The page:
Monday, June 17, 2013

How to Find Your 'Voice' as a Film Photographer

If you’re still shooting film, don’t worry: you’re not the only one. You may just be getting started, transferring over from your digital camera, or you may be a wizened advocate of film. Whichever is the case, film photography is catching a huge second wind as photographers - both novice and professional - have begun to realize the diverse images they can capture on film. Unlike digital image capture, which allows photographers to take multiple shots at little to no expense, film requires mastery over the moment.

Today, we’re taking a look at how to achieve just that.

Bringing Voice to Film Photography

If someone were to describe your work, what would they say? Would there be a consistency in the description, or would it vary from piece to piece? Finding your voice as a film photographer doesn’t mean pigeonholing yourself to a topic or genre, but rather allows you to develop a consistency in style that acts as your “signature,” as unique as the John Hancock you use every time you sign a receipt.



With digital, it’s very easy to point and click, and retrospectively pick images that represent your unique creative intention. With film, you need to be much more clear on that intention as you plan your project and enter a shoot; rolls of film are as finite as opportunities for a good shot.

Film Photography Projects: Immersion or Voice?

As immersed as you may be in a project, that doesn’t necessarily mean the end product will be in line with your signature style, especially if you don’t yet have one. However, commingling involvement and voice is a mistake many photographers make. Just because your heart and soul is in a project doesn’t mean that it properly represents your heart and soul.

Making a project the essence of “you” requires less intentionality than instinct, according to award-winning photographer Michael Crouser. His pictures are a reflection of himself because he intends them to be. Perfecting that voice is a journey that comes with much trial and error.



So to start your journey to finding your voice through film photography, learn the basics. Formal training at photography school can really accelerate this process, but it’s not impossible by any means to teach yourself the fundamentals. Shoot color negative film, as it can be developed inexpensively almost anywhere, and stick to 35mm film. Use film for landscapes, stills, plants and statues, the stuff it captures best. Once you get the technique down, start experimenting. You’ll more than likely find that unique signature style without trying through your experiments.

Inside the Darkroom

A big part of film photography is what happens when you develop your images. While digital photography relies on Photoshop and other photo editing software, film requires the mastery of various techniques such as toning, dodging and burning. Sometimes what happens in the darkroom is as much a part of your film voice as is the moment of image capture itself.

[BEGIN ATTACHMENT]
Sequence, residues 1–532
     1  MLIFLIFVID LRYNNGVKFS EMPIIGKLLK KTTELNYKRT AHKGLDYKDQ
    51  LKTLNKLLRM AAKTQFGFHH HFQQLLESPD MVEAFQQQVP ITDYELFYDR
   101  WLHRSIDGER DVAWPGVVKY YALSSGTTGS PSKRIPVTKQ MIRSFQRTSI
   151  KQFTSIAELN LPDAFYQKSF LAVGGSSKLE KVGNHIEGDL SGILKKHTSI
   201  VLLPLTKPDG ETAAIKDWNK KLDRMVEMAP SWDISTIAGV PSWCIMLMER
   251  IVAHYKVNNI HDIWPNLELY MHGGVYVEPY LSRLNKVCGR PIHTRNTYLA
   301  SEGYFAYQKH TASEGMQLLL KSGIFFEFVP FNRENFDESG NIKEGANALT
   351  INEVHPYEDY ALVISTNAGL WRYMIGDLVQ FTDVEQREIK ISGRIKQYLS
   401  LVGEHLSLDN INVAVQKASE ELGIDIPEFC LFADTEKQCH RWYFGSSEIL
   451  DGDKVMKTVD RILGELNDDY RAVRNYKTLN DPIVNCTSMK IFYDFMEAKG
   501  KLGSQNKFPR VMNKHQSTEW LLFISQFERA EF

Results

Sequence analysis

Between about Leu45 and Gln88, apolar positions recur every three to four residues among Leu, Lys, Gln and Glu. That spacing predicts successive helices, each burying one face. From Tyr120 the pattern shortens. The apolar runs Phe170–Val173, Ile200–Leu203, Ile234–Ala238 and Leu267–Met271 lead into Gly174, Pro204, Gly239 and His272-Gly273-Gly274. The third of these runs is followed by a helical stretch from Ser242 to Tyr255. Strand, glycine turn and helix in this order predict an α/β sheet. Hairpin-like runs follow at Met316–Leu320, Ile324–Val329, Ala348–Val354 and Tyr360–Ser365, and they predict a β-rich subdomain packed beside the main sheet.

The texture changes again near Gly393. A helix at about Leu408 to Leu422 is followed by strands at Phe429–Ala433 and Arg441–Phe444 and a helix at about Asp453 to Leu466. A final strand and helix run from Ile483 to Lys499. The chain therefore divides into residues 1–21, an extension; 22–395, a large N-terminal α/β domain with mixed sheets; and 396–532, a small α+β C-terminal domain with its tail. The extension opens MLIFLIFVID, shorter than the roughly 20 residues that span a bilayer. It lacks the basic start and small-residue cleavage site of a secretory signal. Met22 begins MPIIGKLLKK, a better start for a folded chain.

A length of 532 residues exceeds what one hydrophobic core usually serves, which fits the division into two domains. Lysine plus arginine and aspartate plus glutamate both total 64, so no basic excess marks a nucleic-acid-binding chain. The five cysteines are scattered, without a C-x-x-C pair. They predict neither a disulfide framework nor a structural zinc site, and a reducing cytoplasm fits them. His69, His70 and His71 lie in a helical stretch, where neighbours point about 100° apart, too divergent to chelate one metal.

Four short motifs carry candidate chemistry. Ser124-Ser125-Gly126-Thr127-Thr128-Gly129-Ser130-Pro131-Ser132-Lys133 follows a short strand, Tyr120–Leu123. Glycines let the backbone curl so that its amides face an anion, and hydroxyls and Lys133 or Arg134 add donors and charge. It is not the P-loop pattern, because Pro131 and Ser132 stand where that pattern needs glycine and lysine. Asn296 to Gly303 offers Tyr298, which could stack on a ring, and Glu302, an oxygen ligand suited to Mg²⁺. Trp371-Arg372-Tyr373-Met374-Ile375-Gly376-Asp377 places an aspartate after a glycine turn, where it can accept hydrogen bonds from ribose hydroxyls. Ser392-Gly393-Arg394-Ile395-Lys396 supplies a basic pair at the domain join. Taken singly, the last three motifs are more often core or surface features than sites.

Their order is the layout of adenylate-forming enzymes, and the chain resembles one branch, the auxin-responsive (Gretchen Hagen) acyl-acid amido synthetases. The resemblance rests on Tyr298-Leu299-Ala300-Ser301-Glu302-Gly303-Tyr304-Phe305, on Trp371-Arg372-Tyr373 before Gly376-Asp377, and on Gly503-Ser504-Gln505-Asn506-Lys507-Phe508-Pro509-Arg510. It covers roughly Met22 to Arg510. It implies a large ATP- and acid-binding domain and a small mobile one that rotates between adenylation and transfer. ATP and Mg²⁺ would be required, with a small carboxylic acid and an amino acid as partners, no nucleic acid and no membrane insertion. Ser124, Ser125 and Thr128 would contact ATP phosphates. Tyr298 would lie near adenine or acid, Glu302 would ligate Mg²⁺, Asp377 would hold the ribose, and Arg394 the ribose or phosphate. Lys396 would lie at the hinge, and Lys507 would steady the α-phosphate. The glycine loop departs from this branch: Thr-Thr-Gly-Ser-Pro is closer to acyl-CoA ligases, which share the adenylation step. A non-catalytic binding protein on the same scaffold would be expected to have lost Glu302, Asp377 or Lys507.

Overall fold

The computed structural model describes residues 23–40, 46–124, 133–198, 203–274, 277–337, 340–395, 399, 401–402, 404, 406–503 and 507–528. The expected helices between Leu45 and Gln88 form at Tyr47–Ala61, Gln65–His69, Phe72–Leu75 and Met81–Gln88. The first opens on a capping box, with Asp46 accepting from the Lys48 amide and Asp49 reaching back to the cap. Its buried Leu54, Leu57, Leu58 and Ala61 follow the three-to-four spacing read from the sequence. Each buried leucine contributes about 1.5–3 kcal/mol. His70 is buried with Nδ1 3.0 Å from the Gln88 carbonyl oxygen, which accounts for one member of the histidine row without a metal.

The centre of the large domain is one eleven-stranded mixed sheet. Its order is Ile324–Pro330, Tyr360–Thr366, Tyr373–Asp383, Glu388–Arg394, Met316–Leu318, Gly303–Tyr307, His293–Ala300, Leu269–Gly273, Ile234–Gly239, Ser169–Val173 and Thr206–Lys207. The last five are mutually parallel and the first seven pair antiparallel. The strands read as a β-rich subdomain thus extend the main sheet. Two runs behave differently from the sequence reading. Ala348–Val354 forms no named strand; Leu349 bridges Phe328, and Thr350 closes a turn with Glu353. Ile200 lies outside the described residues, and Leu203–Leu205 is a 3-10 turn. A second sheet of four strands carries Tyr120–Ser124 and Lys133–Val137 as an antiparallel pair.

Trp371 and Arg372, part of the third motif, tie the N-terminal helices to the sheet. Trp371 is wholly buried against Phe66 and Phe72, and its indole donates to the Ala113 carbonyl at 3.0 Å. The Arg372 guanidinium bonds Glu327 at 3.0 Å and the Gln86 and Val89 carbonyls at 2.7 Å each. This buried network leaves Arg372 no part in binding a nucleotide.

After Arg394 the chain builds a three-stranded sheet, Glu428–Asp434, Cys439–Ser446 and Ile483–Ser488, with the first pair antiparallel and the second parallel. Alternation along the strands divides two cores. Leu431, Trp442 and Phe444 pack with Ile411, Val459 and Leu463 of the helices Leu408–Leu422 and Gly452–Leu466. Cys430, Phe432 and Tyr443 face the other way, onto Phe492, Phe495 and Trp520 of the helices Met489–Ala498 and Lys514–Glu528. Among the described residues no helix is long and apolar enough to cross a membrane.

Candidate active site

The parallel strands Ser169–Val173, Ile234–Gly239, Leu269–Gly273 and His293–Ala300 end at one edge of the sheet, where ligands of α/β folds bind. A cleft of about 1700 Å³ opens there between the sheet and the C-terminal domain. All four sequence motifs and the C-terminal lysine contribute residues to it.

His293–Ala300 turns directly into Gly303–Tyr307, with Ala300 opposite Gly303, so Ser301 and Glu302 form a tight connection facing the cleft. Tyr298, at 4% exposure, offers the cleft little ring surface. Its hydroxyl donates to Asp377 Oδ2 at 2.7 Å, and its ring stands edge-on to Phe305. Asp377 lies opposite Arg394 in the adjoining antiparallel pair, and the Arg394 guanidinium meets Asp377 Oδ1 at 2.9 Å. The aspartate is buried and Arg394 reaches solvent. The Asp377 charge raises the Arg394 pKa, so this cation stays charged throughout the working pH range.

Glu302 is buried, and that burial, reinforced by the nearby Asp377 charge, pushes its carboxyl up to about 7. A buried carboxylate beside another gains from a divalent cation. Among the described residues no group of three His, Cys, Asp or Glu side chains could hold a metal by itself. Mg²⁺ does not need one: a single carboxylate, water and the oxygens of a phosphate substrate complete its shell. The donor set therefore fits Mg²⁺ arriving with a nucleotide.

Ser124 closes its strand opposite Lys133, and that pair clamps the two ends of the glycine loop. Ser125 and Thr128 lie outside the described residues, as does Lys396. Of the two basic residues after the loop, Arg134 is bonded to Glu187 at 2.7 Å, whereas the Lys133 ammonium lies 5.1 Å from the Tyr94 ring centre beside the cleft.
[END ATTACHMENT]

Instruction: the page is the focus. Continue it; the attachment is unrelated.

Much like experimenting with a camera and image capture, you should experiment within the darkroom. However, learning the basics and techniques behind darkroom development is key. There are several quality online resources that walk film photographers through the steps of developing 35mm film, and even a few that give information on how to set up a darkroom. Before trying lofty experiments, master the basics and iterate from there.

Film to Digital Photography

In this day and age, many photographers have to convert their images to digital if they want to share or sell. The digital conversion process can be fairly simple; simply purchase, lease or pay for photo scanner use. Many photo scanners translate film to high quality digital images and do not require the use of photo editing software. Once they’re uploaded, you can showcase your work online as part of a digitized portfolio, or to sell.

Checklist to Finding Your Film Photography Voice:
  1. Master basic film photography techniques through practice, practice, practice
  2. Don’t spend tons of money on expensive film or equipment- stick to a 35mm and shoot color negative film so it can be easily and inexpensively developed
  3. Learn how to use a darkroom and different development techniques to add more depth and personality to your work
  4. Experiment- trial and error is key to developing and finding your voice
The goal of finding your voice is to make your work consistent, but more importantly, to make it stand out of the crowd.
Have you found your voice? If so, how did you do it? Let us know in the comments below!

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